Here I might try a boot-strap approach. Let me explain the first step. For the linearization, a nice alternative is the theorem of Caratheodory: $f'(a)$ exists iff there is a continuous function $\phi$ for which $$ f(x) = f(a)+\phi(x)(x-a)$$ and $\phi(a)=f'(a)$ (I assume $f$ is defined on $\mathbb{R}$ for brevity). If $f$ is twice differentiable then $\phi$ must be differentiable at $a$ hence: \begin{align} f''(x) &= \frac{d}{dx}\frac{d}{dx} \left[f(a)+\phi(x)(x-a) \right]\\ &= \frac{d}{dx} \left[\phi'(x)(x-a)+\phi(x)\right] \\ &= \phi''(x)(x-a)+2\phi'(x). \end{align} Setting $x=a$ in the above reveals $f''(a)=2\phi'(a)$. Interesting. On the flip-side, we can apply Caratheodory's Theorem to $\phi$ at $a$ to find $\psi$ such that $$ \phi(x)=\phi(a)+\psi(x)(x-a) = f'(a)+\psi(x)(x-a) $$ where $\phi'(a)=\psi(a)$ and so $f''(a)=2\psi(a)$. Likewise, if triply differentiable there exists $\lambda$ such that $\psi(x)= \psi(a)+\lambda(x)(x-a) = \frac{1}{2}f''(a)+\lambda(x)(x-a)$. Nesting these gives: \begin{align} f(x) &= f(a)+\phi(x)(x-a) \\ &= f(a)+\left[f'(a)+\psi(x)(x-a)\right](x-a) \\ &= f(a)+ \left[f'(a)+\left(\frac{1}{2}f''(a)+\lambda(x)(x-a)\right)(x-a)\right](x-a) \\ &= f(a)+f'(a)(x-a)+\frac{1}{2}f''(a)(x-a)^2+\lambda(x)(x-a)^3. \end{align} If there is interest, I could attempt to show inductively how this explains the $1/n!$ in the $n$-th coefficient. That said, I think your approach is more appropriate for the second-semester calculus course. I do love these formulas for their exactness. All the nasty remainder is tied up in the function $\lambda(x)$ rather than some fuzzy $+\cdots$. I am no expert, but I think this has connection to Morse's Lemma.


To motivate the writing of $T_2$ under the form $A+B(x-a)+C(x-a)^2$ (note the change of order), you can explain that the formula you seek is an approximation formula at $a$, and that $(x-a)$ is precisely the gap between the central value $a$ and the considered point $x$.

The zeroth approximation, given that $f$ is continuous, is to simply approximate $f(x)$ by a constant $A$ when $x$ is near $a$; we want the approximation to be perfect if $x$ is equal to $a$, so that we pick $A=f(a)$ (at this point you can discuss the merits of continuity if needed).

The first-order approximation naturally takes the form $A+B(x-a)$ because we want a linear approximation, and we want to compare the error made in the zeroth approximation with the gap between $x$ and $a$. (For example, $a$ can be the imperfect measurement of a physical quantity $x$: can we estimate the error $f(x)-f(a)$ in terms of $x-a$?). It also backs up nicely with the formula for the derivative. At this point it is easy to see that when $f$ is derivable, the best choice for $A$ is still $f(a)$ and the best choice for $B$ is $f'(a)$.

Then, if one has to take this process one step further, using $(x-a)$ as a gap, it makes much sense to try to approximate $f$ near $a$ by a second-order polynomial in the gap (x-a). This happens to be a second-order polynomial in $x$ also, but this is mostly a happy coincidence.

One benefit of this approach is that you have a good opportunity to stress that when $(x-a)$ is small (in particular less than $1$ in absolute value), $(x-a)^2$ is even smaller. One difficulty in this business is to remove this idea that squares are necessarily bigger.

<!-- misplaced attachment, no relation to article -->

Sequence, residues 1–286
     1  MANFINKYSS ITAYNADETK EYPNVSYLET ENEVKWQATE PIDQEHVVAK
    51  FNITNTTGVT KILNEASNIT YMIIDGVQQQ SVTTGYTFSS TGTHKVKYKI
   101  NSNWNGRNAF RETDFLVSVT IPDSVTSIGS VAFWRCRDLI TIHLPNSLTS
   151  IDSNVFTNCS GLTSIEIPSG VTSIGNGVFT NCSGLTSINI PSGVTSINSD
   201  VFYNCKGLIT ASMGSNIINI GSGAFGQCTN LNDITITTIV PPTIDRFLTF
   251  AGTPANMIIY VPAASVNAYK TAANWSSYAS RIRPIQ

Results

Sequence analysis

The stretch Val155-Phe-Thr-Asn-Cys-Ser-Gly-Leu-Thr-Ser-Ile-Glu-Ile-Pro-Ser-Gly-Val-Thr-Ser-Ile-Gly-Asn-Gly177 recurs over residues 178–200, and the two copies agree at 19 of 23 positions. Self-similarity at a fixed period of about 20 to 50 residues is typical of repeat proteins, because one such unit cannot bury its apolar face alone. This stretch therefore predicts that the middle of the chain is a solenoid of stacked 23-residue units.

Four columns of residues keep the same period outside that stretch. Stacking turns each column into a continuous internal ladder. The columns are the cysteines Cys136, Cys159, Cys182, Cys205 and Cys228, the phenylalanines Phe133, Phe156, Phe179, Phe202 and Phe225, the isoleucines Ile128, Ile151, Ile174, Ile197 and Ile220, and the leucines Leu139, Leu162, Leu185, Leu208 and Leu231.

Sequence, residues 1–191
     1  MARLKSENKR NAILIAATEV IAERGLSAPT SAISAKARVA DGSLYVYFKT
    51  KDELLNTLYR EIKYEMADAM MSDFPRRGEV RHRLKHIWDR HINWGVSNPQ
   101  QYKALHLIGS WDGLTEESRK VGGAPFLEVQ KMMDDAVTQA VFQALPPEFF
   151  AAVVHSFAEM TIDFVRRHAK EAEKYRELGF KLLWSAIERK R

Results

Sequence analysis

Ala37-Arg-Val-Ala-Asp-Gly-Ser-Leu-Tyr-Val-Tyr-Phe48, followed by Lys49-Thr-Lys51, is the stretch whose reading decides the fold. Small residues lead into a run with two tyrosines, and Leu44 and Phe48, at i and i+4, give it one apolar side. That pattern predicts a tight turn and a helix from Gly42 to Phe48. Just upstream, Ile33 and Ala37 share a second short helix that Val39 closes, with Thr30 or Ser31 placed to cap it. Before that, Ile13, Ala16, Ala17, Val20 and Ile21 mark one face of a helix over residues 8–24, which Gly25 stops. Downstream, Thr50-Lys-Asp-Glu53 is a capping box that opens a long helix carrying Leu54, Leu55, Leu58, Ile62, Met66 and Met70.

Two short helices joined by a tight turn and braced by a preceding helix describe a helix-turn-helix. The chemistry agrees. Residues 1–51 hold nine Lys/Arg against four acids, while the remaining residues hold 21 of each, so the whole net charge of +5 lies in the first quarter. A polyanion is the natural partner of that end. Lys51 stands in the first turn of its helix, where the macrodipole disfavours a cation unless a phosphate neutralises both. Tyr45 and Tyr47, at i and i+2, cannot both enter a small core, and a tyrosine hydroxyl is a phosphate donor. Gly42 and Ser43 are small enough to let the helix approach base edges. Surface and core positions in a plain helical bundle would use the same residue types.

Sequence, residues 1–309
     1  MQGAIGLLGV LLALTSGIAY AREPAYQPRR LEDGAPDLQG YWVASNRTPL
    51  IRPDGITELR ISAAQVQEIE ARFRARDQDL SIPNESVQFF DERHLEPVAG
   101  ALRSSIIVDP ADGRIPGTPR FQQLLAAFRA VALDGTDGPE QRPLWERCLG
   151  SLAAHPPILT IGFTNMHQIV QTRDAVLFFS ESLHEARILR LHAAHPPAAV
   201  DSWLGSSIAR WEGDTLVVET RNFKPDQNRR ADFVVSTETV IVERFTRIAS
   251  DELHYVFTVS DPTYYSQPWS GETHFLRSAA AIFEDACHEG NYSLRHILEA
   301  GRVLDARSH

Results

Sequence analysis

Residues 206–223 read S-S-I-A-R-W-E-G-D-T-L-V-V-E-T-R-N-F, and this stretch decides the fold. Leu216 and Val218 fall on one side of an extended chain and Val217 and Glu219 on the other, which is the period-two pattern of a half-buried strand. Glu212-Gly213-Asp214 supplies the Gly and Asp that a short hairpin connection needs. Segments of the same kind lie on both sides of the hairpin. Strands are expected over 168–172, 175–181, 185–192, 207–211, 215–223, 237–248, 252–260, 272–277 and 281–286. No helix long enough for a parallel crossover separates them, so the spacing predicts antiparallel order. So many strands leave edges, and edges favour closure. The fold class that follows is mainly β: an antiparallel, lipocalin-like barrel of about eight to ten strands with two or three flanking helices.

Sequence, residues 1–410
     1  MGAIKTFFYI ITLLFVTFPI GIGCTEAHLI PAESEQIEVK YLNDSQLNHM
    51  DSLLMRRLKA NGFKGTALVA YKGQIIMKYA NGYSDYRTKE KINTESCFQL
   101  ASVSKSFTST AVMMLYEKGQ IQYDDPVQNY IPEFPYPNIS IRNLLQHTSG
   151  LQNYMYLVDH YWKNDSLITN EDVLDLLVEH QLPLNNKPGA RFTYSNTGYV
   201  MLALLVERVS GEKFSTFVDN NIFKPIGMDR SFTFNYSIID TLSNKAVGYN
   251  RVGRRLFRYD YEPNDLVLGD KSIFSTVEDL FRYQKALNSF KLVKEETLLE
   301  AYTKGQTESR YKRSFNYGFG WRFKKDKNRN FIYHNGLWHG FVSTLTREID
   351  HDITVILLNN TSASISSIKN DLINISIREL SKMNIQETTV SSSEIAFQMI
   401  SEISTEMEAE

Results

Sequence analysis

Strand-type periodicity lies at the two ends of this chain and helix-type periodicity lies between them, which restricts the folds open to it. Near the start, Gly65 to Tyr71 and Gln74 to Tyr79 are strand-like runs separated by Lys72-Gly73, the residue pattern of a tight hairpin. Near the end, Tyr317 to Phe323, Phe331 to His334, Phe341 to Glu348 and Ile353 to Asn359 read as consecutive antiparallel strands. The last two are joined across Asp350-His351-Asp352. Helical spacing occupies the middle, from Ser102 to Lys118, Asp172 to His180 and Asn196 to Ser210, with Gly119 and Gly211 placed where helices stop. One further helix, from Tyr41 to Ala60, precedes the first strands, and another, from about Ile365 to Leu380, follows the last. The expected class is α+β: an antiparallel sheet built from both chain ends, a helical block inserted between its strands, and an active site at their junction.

Why not just pose the problem of how best to approximate functions locally by polynomial functions? (In more general terms, that of asymptotic expansions.)

That is, get $f(x_{0}+h)=\sum_{0}^{\infty}A_{i}(x_{0})h^{i}$ and just truncate at $k$ with the remainder then being o[$h^{k}$]. Then, you can say that $f$ is $k$-differentiable iff $f$ has a best polynomial approximation of degree $k$ and define $f^{(k)}$ to be the function which for $x_{0}$ returns $A_{k}(x_{0})k!$

The reason for $k!$ is to make derivatives recursively computable: $f^{(k+1)}=f^{(k)\prime}$.

This is in fact what Lagrange did. (But much misunderstood by people who confuse series and asymptotic expansions.)

  • $\begingroup$ But a function as $x\mapsto x^{12} \sin(x^{-11})$ (extended by $0$ at $0$) has a Taylor series of order $11$ at each point, but is not even $C^1$. $\endgroup$ Commented Mar 4, 2015 at 13:29
  • $\begingroup$ @Benoit Kloeckner The existence of an osculating polynomial of degree $>1$ does not of course ensure the existence of any derivative of order $>1$. E.g., for $f(x)=x^{3}\sin\frac{1}{x}, x\neq0, 0$ otherwise, $f(h)= 0+0h+0h^{2}+o[h^{2}]$ but $f$ does not have a second derivative at $0$. On the other hand, given the OP, that the asymptotic expansion gives the curvature near $0$ seems rather to the point. $\endgroup$
    – schremmer
    Commented Mar 6, 2015 at 15:42
  • $\begingroup$ But then how can you suggest to define higher differentiability by best polynomial approximation? $\endgroup$ Commented Mar 6, 2015 at 15:51
  • $\begingroup$ $f$ is $n$-differentiable at $x_{{0}}$ iff $f$ has a Best Polynomial Approximation of degree $n$ near $x_{{0}}$. I am not sure what the issue is. $\endgroup$
    – schremmer
    Commented Mar 6, 2015 at 16:19
  • $\begingroup$ so you call $n$-differentiable a function that does not admit a $n$-th derivative? I confess I'm lost. $\endgroup$ Commented Mar 6, 2015 at 18:10

Given $f\colon I\to \mathbb R$ and $x\in\mathrm{int}\, I$, you could construct the unique second degree polynomial $P_\varepsilon$ that passes by the points $(x-\varepsilon, f(x-\varepsilon))$, $(x, f(x))$ and $(x+\varepsilon, f(x+\varepsilon))$ (Lagrange interpolation) and then let $\varepsilon \to 0$. This seems the most natural approach generalizing the idea of a tangent line and if you argue $f''(x)$ exists, it is not hard to see that $\displaystyle\lim_{\varepsilon\to 0}P_\varepsilon=T_2$.

Another interesting thing to say is that a function may be well-approximated by a second degree polynomial in the above sense but not be twice differentiable; check $1+x+x^2+x^3\sin(1/x)$ out around zero.

You may extend the interpolation idea to higher degrees with more work, but the computations get messy fast. The idea of constructing the second degree polynomial that passes by the points $(x+\delta, f(x+\delta))$, $(x, f(x))$ and $(x+\varepsilon, f(x+\varepsilon))$ and then letting $(\delta,\varepsilon)\to (0,0)$ is also probably too cumbersome.

  • $\begingroup$ Just want to comment that in a typical (large, American at least) University, using $\varepsilon$ approximations, although clear to us, will be over the heads of many calculus students who see this for the first time. But overall, interesting approach. $\endgroup$
    – Chris C
    Commented Mar 4, 2015 at 22:03